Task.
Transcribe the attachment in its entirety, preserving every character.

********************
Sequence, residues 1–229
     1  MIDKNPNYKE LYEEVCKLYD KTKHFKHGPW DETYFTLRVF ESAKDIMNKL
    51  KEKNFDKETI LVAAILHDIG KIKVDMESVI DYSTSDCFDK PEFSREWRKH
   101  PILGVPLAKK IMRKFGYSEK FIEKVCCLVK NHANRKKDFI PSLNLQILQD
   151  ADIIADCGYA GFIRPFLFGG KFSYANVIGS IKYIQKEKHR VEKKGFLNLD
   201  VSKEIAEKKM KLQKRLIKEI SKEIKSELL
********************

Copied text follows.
Sequence, residues 1–229
     1  MIDKNPNYKE LYEEVCKLYD KTKHFKHGPW DETYFTLRVF ESAKDIMNKL
    51  KEKNFDKETI LVAAILHDIG KIKVDMESVI DYSTSDCFDK PEFSREWRKH
   101  PILGVPLAKK IMRKFGYSEK FIEKVCCLVK NHANRKKDFI PSLNLQILQD
   151  ADIIADCGYA GFIRPFLFGG KFSYANVIGS IKYIQKEKHR VEKKGFLNLD
   201  VSKEIAEKKM KLQKRLIKEI SKEIKSELL